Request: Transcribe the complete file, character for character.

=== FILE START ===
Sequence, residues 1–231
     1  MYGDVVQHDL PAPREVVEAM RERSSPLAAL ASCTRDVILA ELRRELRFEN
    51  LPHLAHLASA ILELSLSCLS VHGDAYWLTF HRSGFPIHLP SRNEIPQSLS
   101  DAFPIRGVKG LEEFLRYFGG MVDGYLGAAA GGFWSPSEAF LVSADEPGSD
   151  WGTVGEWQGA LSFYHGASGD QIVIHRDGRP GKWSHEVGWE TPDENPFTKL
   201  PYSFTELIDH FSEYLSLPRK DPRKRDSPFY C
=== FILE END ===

Sequence, residues 1–231
     1  MYGDVVQHDL PAPREVVEAM RERSSPLAAL ASCTRDVILA ELRRELRFEN
    51  LPHLAHLASA ILELSLSCLS VHGDAYWLTF HRSGFPIHLP SRNEIPQSLS
   101  DAFPIRGVKG LEEFLRYFGG MVDGYLGAAA GGFWSPSEAF LVSADEPGSD
   151  WGTVGEWQGA LSFYHGASGD QIVIHRDGRP GKWSHEVGWE TPDENPFTKL
   201  PYSFTELIDH FSEYLSLPRK DPRKRDSPFY C